Some of us are familiar with this dilemma of the irrelevant hero from an episode of The Big Bang Theory. In "The Raiders Minimization" (follow the link to a clip) Amy ruins Indiana Jones and the Raiders of the Lost Ark for the gang by pointing out that Harrison Ford's character has little to no influence on whether the Nazis find the Ark and what happens to them when they do.

I left the theater thinking about this problem. The humans in the film served two functions for the most part: they explained things to the audience by explaining things to each other and they attracted audience sympathy or identification. With the exception of some father-son conflict between the characters played by Bryan Cranston and Aaron Taylor-Johnson (which is quickly resolved), there is little to no conflict among the human characters. Since they can have little influence on the fight between the monsters, that leaves them little to do (except explain and emote).

Christopher Orr at also makes this observation in his commentary titled "Waiting for Godzilla."  However, his desire to be emphatic makes his statement inaccurate: "Indeed, Godzilla is a film in which no deed or decision made by any human character seems to have the slightest impact on the inexorable mechanics of the plot."

SPOILER ALERT: Orr is wrong in at least two ways -- Taylor-Johnson's character destroys the nest of MUTO eggs in San Francisco; this not only saves the city from baby MUTOs, it distracts Mrs. MUTO from the beat-down that she and her husband are giving Godzilla. That break gives our lizard hero time to recover and defeat Mr. MUTO mano a mano. We could say that Taylor-Johnson's character influences the plot in a third way: He is taking a nuclear warhead out to sea as bait, and Mrs. MUTO follows it; she turns her back on Godzilla long enough for him to take her out.

In other words, no Taylor-Johnson, no Godzilla victory dance, no more San Francisco.

And yet, for most of the film, the humans do not influence the "inexorable mechanics" of the fight between monsters, and that hampered somewhat my enjoyment of the film. The characters talk a lot and explain a lot, and the happy family that must by some unwritten law be threatened by the central dilemma of so many films are present and expressing their love for each frequently. (We have seen them so many times, do we really care anymore?) But there is hardly any conflict among them, and that makes for boring scenes.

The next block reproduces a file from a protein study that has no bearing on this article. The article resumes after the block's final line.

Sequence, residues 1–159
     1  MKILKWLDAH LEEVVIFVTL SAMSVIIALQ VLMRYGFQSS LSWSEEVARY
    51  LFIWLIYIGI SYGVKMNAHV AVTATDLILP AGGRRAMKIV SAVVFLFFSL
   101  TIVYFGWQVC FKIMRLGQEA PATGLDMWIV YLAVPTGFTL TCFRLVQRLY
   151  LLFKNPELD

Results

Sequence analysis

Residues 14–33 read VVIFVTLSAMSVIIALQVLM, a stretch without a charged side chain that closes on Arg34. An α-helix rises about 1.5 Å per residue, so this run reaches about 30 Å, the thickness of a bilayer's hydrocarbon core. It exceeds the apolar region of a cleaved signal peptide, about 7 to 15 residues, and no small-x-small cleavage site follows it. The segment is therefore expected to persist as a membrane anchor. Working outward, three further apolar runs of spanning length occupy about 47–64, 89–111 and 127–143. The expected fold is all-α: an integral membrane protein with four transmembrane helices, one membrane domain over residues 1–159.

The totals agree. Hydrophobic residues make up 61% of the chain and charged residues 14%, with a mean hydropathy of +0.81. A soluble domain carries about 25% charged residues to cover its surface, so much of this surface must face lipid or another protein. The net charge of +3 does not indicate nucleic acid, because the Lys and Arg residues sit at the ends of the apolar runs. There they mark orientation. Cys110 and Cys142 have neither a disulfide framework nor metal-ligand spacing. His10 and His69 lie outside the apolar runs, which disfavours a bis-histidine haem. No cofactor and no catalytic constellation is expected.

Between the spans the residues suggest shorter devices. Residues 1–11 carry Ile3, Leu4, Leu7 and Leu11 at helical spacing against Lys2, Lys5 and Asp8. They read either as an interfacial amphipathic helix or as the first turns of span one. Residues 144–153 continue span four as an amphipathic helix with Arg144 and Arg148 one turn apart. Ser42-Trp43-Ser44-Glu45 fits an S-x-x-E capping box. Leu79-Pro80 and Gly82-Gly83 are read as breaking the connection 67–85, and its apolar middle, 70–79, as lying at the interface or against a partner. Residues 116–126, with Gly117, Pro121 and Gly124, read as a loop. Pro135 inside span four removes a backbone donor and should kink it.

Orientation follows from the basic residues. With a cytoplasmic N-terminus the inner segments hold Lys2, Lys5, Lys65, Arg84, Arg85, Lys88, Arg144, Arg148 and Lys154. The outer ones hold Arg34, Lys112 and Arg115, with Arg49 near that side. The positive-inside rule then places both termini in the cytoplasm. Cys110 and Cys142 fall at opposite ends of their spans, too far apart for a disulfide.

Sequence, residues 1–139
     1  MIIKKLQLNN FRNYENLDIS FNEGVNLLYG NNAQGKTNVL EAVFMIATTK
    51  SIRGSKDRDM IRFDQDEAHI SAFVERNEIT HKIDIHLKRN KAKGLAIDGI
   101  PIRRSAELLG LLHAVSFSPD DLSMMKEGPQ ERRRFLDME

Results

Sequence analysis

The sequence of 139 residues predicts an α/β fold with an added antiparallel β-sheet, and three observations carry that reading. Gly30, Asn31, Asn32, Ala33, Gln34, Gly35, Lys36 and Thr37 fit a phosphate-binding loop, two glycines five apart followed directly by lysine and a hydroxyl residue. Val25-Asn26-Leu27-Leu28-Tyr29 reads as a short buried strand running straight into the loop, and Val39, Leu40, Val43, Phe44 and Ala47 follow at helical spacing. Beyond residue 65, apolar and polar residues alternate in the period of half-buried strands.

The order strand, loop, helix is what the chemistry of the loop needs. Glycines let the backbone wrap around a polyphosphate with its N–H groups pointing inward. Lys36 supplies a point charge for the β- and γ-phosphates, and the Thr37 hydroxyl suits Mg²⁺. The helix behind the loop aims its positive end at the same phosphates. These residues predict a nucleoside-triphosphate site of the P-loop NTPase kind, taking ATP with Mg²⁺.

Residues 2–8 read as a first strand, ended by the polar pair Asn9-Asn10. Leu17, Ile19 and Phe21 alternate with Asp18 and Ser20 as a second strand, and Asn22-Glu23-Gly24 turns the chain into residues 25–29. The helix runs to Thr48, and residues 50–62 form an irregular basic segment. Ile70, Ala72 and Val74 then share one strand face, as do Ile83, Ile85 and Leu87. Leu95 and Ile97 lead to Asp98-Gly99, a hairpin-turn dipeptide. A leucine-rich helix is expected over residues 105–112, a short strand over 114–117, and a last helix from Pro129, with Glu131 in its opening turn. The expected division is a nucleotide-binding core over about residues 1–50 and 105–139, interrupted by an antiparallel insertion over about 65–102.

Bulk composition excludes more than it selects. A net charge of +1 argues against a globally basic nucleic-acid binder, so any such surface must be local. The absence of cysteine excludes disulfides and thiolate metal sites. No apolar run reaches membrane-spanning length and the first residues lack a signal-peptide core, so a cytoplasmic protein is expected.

As the drunk and high Swedish persona of the blogger at "Behind the Proscenium" says it: "Worst thing on a movie that the makers can do - make the thing so that my brain sleeps before I know that I am asleep. Suck, suck, suck, suck."

Other movies have faced a similar dilemma, but they have solved it more satisfyingly. The characters played by Bill Paxton and Helen Hunt in Twister cannot do anything to stop the tornadoes; but they can work to survive them, and in the process of that they can deal with the personal conflicts between them (their marriage is falling apart). An apocalyptic favorite of mine, 2012, also has a central problem the humans cannot alter -- Earth's crust has come apart at the seams. But we have several groups of humans to track as they try to survive the mayhem, and each group has conflicts among various characters that must be resolved.

In Godzilla, however, the humans have little interesting drama among themselves. The scientists and Naval officers following Godzilla through the Pacific on his way to California have little to do other than that. There is no conflict on the ships between the military officers and the scientists.

The wife and child of Taylor-Johnson's character must survive the monsters in San Francisco, but that is not presented as a very interesting or complicated challenge, and there is little dramatic conflict involved. She pretty much stays in place at the hospital. She puts her son on a bus to escape the city and that bus (so wisely) drives across the Golden Gate Bridge just as Godzilla shows up. The child escapes, but the audience never senses he is in danger (as I suggested before, is the child ever really in danger in a monster movie?  Teens who have sex definitely are. The 5-year-old son of the protagonist? Not so much.)

If Steven Speilberg had directed the bridge scenes, we would have had a different story. Look at how often children are endangered in his movies. We may know they are going to survive, but Speilberg devotes a great deal of cinematic energy threatening the young ones and giving them interesting obstacles to overcome on their own. (Jurassic Park, for example.)

Some people have said the helplessness of the humans in Godzilla is part of the film's message. Godzilla and the MUTOs are symbolic of the forces of nature unleashed by irresponsible actions of humanity, and nature is a force larger than humanity, so we cannot escape the consequences of our actions. I agree. Presenting the humans as helpless to alter the combat between Godzilla and the MUTOs conveys a fine message. (In my opinion, the humans get off much too easily in the movie.) But if they cannot resolve the film's conflict, then they must given some conflict they can resolve so the audience can become more invested in their presence on the screen.

If you cannot make the humans more interesting, keep them off the screen and give us more monsters destroying things!